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My kiln is in our garage. So it depends on the season. Right now, being so cold out, I wait til it gets down to 100* than open it and unload it. In the summer when it's really hot out there, I'll prop the lid and pull out the peepholes around 300*.

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for the bisque electric kilns we raise the lid about an inch when it reaches 200. after that, it gets unloaded when its cool enough to unload without gloves. for the gas highfire glaze kilns, they fire friday, unload monday morning so anyone who wants to be there can see the load as it comes out. . as a group studio we kind of have to have a schedule since there is work of many people in each load including kids stuff.  rakuku

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I'm new to using a kiln. How do you vent the kiln? Mine is a blue diamond and no booklet to tell me how. I've tried to find info online with no luck. During bisque, I left the top peep hole open and had a successful firing. Cone05 was successful as well...all peeps closed. Just finished cone6 last night and am waiting for cool down. Was planning to wait til fully cool as I don't have a thermometer to tell the temp. With cone05 I opened a peep, checked by sticking paper in the hole and didn't singe/catch fire, so propped lid to get cool. Can I do that with cone6?

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Where is your kiln located? Basement, garage? How big is the kiln? If it's a small kiln, you may be able to vent the fumes from the space just by putting a fan in a nearby window. Otherwise you'll want to invest in a downdraft kiln vent. If you also want to vent excess heat, then you should consider an overhead hood from Vent-A-Kiln.

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If you're not venting the kiln directly with either a downdraft vent or an overhead hood, I wouldn't leave the car in the garage while firing, and at the very least I would have a fan blowing out a nearby window and a source of fresh air coming in. If you're in a warm area, leave the garage door open some and a fan to move air. A downdraft vent will not only keep the air in the garage cleaner, your glazes will look better and your elements will last longer.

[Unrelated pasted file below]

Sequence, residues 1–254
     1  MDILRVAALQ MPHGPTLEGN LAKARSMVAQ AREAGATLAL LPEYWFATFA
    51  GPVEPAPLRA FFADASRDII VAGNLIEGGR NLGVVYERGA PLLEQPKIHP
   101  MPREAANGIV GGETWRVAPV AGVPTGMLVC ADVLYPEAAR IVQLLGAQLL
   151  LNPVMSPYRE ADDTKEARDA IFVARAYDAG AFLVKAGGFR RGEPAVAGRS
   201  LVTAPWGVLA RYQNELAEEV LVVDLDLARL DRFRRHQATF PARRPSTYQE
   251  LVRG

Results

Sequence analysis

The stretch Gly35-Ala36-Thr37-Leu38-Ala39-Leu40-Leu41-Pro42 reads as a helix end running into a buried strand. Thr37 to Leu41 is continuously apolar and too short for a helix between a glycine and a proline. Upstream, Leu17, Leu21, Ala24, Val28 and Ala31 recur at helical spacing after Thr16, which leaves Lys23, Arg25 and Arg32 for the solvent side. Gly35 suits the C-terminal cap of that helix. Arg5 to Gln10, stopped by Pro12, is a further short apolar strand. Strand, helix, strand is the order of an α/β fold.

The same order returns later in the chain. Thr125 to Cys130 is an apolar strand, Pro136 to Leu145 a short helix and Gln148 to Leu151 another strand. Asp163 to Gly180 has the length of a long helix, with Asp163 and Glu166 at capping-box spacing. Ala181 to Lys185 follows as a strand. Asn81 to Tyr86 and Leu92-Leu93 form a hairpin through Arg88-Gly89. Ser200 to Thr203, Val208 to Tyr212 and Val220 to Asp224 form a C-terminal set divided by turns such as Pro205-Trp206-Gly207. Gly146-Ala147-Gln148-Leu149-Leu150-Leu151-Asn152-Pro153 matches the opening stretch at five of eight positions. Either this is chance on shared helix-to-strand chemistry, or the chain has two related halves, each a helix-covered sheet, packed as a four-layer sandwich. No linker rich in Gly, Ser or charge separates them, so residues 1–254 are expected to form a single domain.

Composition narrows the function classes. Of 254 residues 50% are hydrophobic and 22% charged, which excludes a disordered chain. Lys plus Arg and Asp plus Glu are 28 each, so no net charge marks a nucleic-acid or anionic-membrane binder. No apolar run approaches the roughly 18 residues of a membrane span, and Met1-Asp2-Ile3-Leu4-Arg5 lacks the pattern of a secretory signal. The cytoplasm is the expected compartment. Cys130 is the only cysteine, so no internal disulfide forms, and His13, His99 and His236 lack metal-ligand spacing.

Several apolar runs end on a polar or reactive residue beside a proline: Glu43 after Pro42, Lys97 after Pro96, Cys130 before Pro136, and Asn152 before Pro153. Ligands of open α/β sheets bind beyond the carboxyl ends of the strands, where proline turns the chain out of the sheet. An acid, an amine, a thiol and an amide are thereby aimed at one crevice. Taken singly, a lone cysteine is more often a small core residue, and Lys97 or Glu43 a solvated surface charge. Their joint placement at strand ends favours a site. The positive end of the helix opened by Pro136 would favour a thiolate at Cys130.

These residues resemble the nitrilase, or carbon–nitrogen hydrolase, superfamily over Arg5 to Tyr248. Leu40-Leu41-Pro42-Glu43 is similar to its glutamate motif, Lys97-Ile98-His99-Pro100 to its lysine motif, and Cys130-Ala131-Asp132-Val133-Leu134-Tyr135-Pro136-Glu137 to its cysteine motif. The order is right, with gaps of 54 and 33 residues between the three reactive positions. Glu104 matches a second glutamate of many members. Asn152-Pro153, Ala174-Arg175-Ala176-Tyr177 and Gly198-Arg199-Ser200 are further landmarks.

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1 hour ago, Marie Lindahl said:

I don't keep the van in the garage while firing. Nothing else is in the garage...22x26 sq ft. with my studio space being 9x13 inside the garage. Kiln is around the corner from,there. I'm in IL so its 32 degrees right now.

Knowing that you likely could benefit from a down draft vent installed on your kiln to minimize the burn off fumes in the garage, house and ensure decent oxidation firing.

No more fiddling with port plugs after that.

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whenever you can touch the kiln without feeling heat will  indicate the temperature you can remove the work.   kiln gloves allow me to lift out shelves when their temp is above comfort level for skin touching.   if you can feel heat rising around the shelves, it is too hot for your hands even with gloves.  the pots might not suffer but you could.

 

 

Edited by oldlady

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42 minutes ago, Marie Lindahl said:

Port plugs??? The garage is detached. 10ft from house

 

Ok, less fumes in the garage, better oxidation if you go with down draft vent, leave the port/ sight/ peep holes covered. Detached garage means you probably have an alley or a long driveway to shovel. 
Grew up in Chicago, typical brick bungalow and detached single car garage.

It appeared to me your studio is in the garage along with the kiln to which a down daft vent would at least remove most of the dangerous fumes.

Edited by Bill Kielb

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I only use my electric kiln for bisque, so I unload as hot as possible, usually around 200 with gloves.  I want to get some work out of the remaining heat by loading at least some of the bigger pots for the next load.  With the kiln closed back up and a fiber blanket on top, it will stay well above room temperature for the rest of the day helping to dry some doubtful pots.